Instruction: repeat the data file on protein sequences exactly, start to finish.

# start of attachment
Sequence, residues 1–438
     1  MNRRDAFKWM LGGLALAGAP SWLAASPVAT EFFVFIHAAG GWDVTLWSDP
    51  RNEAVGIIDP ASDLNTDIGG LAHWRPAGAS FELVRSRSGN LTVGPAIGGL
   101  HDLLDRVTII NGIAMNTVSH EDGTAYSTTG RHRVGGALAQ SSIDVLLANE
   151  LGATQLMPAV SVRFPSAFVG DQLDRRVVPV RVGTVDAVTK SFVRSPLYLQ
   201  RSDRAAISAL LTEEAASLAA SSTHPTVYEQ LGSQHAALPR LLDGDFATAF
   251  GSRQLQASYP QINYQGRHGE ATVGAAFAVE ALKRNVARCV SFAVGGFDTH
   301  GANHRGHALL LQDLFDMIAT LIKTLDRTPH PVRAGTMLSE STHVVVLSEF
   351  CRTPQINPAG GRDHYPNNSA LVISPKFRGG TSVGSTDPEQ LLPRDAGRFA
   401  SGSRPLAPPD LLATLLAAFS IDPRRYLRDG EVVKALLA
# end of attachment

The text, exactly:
Sequence, residues 1–438
     1  MNRRDAFKWM LGGLALAGAP SWLAASPVAT EFFVFIHAAG GWDVTLWSDP
    51  RNEAVGIIDP ASDLNTDIGG LAHWRPAGAS FELVRSRSGN LTVGPAIGGL
   101  HDLLDRVTII NGIAMNTVSH EDGTAYSTTG RHRVGGALAQ SSIDVLLANE
   151  LGATQLMPAV SVRFPSAFVG DQLDRRVVPV RVGTVDAVTK SFVRSPLYLQ
   201  RSDRAAISAL LTEEAASLAA SSTHPTVYEQ LGSQHAALPR LLDGDFATAF
   251  GSRQLQASYP QINYQGRHGE ATVGAAFAVE ALKRNVARCV SFAVGGFDTH
   301  GANHRGHALL LQDLFDMIAT LIKTLDRTPH PVRAGTMLSE STHVVVLSEF
   351  CRTPQINPAG GRDHYPNNSA LVISPKFRGG TSVGSTDPEQ LLPRDAGRFA
   401  SGSRPLAPPD LLATLLAAFS IDPRRYLRDG EVVKALLA